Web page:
The Human Media Lab is unveiling its revolutionary foldable smartphone technology “Paperfold” in Toronto today at the ACM CHI Conference on Human Factors in Computing Systems.
Queen’s professor Roel Vertegaal and student Antonio Gomes will be demonstrating the smartphone’s ability to fold open up to three flexible displays that allows extra screen space when needed. The three detachable electrophoretic displays allow the compact phone to be connected into a variety of arrangements that can mimic both a notebook computer format or a foldout map.
In a news release, Dr. Vertegaal – a professor in the School of Computing and Director of the Human Media Lab at Queen’s – explained that each display screen can act independently or as part of a larger display. He went on to say that this “allows multiple device form factors, providing support for mobile tasks that require large screen real estate or keyboards on demand, while retaining an ultra-compact, ultra-thin and lightweight form factor.”
PaperFold can automatically recognize its shape and produce preconfigured changes to each display’s graphics. A feature that would no doubt be customizable for end users and allow personalized display configurations based on how the phone was manipulated.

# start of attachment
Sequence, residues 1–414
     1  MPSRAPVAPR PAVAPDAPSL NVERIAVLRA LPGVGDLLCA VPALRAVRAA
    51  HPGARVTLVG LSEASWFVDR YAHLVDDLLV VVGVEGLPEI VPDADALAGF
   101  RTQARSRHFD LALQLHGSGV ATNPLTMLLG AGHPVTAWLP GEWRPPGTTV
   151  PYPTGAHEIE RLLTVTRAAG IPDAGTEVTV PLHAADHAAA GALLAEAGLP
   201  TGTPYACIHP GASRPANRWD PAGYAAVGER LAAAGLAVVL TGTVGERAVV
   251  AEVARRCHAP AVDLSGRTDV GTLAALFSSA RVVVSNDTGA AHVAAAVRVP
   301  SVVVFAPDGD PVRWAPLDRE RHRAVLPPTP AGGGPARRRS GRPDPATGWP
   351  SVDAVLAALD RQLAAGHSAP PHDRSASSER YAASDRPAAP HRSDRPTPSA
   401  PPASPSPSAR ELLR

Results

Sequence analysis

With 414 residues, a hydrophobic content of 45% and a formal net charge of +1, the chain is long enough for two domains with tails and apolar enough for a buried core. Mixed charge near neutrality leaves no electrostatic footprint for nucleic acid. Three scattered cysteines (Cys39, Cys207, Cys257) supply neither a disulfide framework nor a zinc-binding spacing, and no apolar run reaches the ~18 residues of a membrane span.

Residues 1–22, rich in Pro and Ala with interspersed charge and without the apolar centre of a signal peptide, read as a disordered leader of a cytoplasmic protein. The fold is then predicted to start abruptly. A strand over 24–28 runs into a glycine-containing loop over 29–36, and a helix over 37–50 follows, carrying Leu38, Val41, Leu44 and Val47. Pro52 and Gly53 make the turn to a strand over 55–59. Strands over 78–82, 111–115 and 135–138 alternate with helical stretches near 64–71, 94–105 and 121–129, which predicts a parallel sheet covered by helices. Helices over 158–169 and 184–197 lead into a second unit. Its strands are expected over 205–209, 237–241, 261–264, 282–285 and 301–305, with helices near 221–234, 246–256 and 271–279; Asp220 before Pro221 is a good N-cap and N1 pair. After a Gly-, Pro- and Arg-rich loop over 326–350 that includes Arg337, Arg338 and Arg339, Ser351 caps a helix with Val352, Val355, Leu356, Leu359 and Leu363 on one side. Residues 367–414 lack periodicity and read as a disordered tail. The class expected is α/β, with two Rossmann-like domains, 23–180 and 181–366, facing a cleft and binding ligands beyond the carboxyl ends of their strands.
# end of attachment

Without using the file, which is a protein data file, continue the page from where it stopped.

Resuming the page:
The example shown in the paperfold demo video, folding the unit into its ultra notebook form factor will open up a keyboard on the bottom screen. The user then types in a New York City address into Google Maps that is shown on the upper screen.
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When the three displays are flattened out, the Google Map page appears stitched together across all of the screens and folding it again into a ‘convex globe’ changes the displays to show the location in Google Earth or Streetview.
According to the release and demonstrated in the video (embedded below), folding PaperFold into the ‘shape of a 3D building on the map’ will detect a Google 3D SketchUp model of the building and turn the device into an architectural model that can be 3D printed’.
“The development of electronic paper computers that can adopt similar qualities to paper has been an enduring research goal for our team,” says Dr. Vertegaal. “Books use folding as both a navigational and space saving technique, and paper maps have malleable display sizes. The PaperFold smartphone adopts folding techniques that makes paper so versatile, and employs them to change views or functionality of a smartphone, as well as alter its screen real estate in a flexible manner. PaperFold demonstrates how form could equal function in malleable mobile devices.”
The Human Media Lab (HML) at Queen’s University is one of Canada’s premier Human-Computer Interaction laboratories. Inventions include eye tracking sensors, Smart Pause, PaperPhone – the world’s first flexible phone, and PaperTab – the world’s first flexible paper computer.
Checked out the HML website for more information about the Human Media Lab.
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